Credit card debt can pile up. For some of us, it can quickly reach an unmanageable point. If the amount you charge on your cards is more than you are paying, your balances can become enormous before you know it. If your cards carry high interest, too, it can be extremely hard to dig yourself of out the hole.
Your best chance for getting out of debt is to make an aggressive plan and stick to it.
One way to work the problem is to to find a way to keep your interest rates low, in order to keep your monthly payments low. Unfortunately, if your debt level keeps rising or if you miss a single payment, it will be very hard to find a low interest bill consolidation loan.
One solution to managing out-of-control credit cards and other debts is through low-interest bill consolidation loans. If you qualify, you can use a low-interest bill consolidation loan to pay off high interest credit cards or other loans. Depending on how much debt you have and the size of the debt consolidation loan you qualify for, you may need only one loan to consolidate all your debt.
However, a low interest debt consolidation loan can only do so much. It doesn't reduce your debt. It merely resets your interest rate so you can start pay it off faster. To get out of debt, you need to establish a plan of attack. Before you consolidate your debt in a bill consolidation loan you need to:
A secured bill consolidation loan is one where you provide collateral for the loan. Collateral is anything the lender can redeem if you default on your payments, such as a home, vehicle, or in the case of a business, inventory or equipment.
With collateral, you are more likely to get low interest bill consolidation loans because you are putting up something the lender can repossess, in case you do get behind on your payments.
An unsecured bill consolidation loan is one where you provide no collateral. This often results in a higher interest rate. With an unsecured loan, lenders tend to limit the size of the loan, to limit their risk. Banks and Credit Unions make unsecured loans between $1,000 and $100,000. Peer-to-peer lenders lend up to $35,000. Most unsecured loans require strong credit.are difficult to obtain in today's market, requiring strong income and credit.
If you can find an unsecured loan with a lower rate than your current debts, it can be an effective way to improve your financial situation. At times, it makes sense to take an unsecured loan even at a high rate. If you lower your monthly payment to a level you can afford, the benefit of the lower monthly payment could outweigh the high interest rate, particularly if it prevents you from defaulting on your payments.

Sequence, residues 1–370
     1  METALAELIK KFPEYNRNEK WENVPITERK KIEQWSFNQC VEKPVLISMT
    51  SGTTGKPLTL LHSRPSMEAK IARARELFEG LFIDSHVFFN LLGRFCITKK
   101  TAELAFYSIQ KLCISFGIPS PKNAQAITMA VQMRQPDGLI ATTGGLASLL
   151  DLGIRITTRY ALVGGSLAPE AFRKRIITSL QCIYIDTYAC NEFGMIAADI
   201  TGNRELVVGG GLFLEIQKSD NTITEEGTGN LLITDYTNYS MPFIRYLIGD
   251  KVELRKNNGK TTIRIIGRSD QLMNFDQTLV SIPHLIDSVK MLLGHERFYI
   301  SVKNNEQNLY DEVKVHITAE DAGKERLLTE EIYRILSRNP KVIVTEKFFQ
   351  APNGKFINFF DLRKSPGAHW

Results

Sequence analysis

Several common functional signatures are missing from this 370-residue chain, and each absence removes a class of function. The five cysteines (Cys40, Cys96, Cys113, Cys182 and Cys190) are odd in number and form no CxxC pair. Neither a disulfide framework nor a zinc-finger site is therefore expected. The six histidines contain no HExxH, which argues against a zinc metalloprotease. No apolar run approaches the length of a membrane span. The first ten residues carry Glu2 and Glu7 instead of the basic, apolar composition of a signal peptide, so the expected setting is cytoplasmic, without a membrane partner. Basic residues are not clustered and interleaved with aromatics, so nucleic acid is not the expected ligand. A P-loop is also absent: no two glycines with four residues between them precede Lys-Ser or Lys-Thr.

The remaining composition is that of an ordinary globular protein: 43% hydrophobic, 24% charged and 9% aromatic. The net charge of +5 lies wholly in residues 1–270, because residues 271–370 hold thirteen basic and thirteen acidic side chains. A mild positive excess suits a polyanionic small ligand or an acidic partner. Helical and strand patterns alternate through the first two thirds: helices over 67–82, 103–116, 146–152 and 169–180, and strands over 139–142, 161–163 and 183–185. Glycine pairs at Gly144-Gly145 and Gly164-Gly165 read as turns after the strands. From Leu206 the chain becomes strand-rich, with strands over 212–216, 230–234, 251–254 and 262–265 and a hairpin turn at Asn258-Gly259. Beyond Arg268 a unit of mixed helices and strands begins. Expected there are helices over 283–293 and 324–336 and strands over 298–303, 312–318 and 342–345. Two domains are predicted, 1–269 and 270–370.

Be sure to shop around to find the best loan available.
Another type of unsecured loan option to consider, if your credit is good, is a balance transfer offer. Balance transfers come with a low “teaser” rate that expires. Make sure you know when your rate adjusts and how high it can go and never miss a payment on a card you have used to transfer balances to, or you will find all your debt on the card at a penalty interest rate that can exceed 29.99%.
If you own a home, consider a cash-out refinance loan to get a lower interest rate mortgage AND pay off existing debt. Depending on how much debt you consolidate, this might increase your mortgage payments, though it could lower your monthly costs for your mortgage and debt combined.
Adding to your mortgage balance puts your home at greater risk. If you don't make your new, higher payment, you risk foreclosure. Many Americans still owe more on their homes than they are worth. Others have recovered some equity but not necessarily enough to do a cash-out refinance loan.
If you are a homeowner with some equity in your property, a home equity line of credit (HELOC) might be the right solution to consolidate your bills. However, this can also put your home in danger. In order to figure out if a HELOC is a good way to consolidate debt, start by figuring out how much equity you have in your home. Subtract your remaining mortgage balance from the current market value of your home. Keep in mind that the maximum combined loan-to-value (CLTV) for your first and second mortgages is 80-85%, in most markets.
If you look for low-interest bill consolidation loans, weigh all your options carefully. Learn about each option and then figure out which works best for you.